At a breakfast one-on-one interview with The Wall Street Journal, TIAA CEO Roger Ferguson spoke with a WSJ journalist about the future of higher education.
During the discussion, Ferguson, a former vice chairman of the U.S. Federal Reserve who has a Ph.D. in economics from Harvard, connected the dots between “helping workers thrive in a disruptive job market and expanding the middle class to evolution in higher education.”
That’s according to Education Dive, which also notes Ferguson’s urging of leaders to “pursue innovation in teaching and funding to make education more effective, efficient, and affordable” for diverse students.
Education Dive emphasized, among his many recommendations, Ferguson’s advising businesses to partner “with institutions to fill the skills gap and increase graduation rates by connecting educational training to future jobs and careers.”
Here’s Education Dive’s insight into Ferguson’s interview:
Ferguson began his comments addressing the push-and-pull of mandatory entitlement spending versus discretionary higher ed funding in state legislatures, and concluded that state support is not likely to increase any time soon. Allowing businesses to take more responsibility for training and educational outcomes is a win-win for everyone. Students, who see clearly the connection between their training and good jobs, are more likely to finish their education. Higher ed institutions can bolster their reputation with stronger job placement, and U.S. businesses can increase the pool of workers with industry-ready skills.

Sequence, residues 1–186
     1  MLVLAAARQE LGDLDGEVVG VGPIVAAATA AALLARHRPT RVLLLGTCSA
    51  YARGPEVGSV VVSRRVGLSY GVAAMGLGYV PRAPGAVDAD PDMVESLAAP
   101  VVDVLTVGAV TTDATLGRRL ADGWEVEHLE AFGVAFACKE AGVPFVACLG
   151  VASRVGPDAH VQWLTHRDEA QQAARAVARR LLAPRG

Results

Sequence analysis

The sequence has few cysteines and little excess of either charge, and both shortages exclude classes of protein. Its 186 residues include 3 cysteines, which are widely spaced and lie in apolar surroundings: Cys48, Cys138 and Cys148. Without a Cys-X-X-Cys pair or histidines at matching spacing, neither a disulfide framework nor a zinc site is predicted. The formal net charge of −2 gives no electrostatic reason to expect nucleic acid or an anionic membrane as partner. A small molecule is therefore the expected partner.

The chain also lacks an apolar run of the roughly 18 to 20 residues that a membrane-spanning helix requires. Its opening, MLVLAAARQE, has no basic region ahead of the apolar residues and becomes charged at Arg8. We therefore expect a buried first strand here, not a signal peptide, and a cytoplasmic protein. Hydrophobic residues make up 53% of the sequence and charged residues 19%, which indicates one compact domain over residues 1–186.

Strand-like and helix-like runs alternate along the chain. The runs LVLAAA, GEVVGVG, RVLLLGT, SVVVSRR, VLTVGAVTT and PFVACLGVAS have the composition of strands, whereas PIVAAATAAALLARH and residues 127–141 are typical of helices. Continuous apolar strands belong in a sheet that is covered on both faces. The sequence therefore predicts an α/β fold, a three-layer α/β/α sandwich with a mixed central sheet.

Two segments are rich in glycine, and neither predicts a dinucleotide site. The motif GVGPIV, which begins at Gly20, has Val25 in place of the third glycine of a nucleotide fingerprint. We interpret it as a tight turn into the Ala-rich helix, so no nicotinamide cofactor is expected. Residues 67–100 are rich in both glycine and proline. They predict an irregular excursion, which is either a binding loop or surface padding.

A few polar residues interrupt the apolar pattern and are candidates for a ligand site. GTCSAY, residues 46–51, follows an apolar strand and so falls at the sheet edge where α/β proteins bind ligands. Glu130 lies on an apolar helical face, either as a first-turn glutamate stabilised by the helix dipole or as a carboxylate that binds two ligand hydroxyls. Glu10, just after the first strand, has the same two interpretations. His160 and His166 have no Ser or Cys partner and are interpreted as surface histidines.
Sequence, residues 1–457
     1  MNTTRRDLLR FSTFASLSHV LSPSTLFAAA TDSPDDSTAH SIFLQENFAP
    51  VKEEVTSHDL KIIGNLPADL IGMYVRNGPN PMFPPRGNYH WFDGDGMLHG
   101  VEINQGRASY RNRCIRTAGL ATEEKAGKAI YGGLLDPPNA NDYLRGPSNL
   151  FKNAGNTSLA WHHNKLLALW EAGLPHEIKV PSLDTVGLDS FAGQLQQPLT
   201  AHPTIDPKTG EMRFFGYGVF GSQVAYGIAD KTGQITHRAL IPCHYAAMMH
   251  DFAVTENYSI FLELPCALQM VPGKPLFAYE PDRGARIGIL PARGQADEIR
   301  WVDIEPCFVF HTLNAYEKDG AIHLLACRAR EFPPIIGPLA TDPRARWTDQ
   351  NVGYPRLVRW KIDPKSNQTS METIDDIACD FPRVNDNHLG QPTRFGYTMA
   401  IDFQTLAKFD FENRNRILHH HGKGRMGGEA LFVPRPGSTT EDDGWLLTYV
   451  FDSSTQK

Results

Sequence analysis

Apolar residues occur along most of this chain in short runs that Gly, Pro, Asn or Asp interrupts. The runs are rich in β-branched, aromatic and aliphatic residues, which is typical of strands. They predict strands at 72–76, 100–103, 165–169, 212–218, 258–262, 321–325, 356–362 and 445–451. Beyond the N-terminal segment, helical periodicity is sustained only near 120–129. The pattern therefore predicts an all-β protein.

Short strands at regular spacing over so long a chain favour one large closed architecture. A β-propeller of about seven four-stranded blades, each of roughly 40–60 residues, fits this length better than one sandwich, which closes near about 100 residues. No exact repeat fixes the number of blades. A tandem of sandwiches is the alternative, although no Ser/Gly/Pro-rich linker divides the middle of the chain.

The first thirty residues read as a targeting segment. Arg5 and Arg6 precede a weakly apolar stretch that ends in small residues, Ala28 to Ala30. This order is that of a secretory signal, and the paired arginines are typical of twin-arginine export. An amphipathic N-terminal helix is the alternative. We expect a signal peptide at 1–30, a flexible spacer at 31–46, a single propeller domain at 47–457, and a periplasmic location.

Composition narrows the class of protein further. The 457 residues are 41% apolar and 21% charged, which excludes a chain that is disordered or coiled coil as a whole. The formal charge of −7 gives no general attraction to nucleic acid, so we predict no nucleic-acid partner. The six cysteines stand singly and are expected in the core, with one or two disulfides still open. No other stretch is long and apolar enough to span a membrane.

This business-led approach is key to winning over market-driven Republican lawmakers who control the federal government and the majority of State Assemblies nationwide. Demonstrating an ability to innovate and change can be a valuable piece of their case for more funding. And ultimately, making the case that individuals who attain higher levels of education earn more money, thus making them less reliant on entitlements and other social supports, plays well to the “bootstraps” rhetoric popular among Republican lawmakers and could help garner additional support.
Ferguson served on the Council on Jobs and Competitiveness during the Obama administration.
To watch the discussion on video, visit The Wall Street Journal website.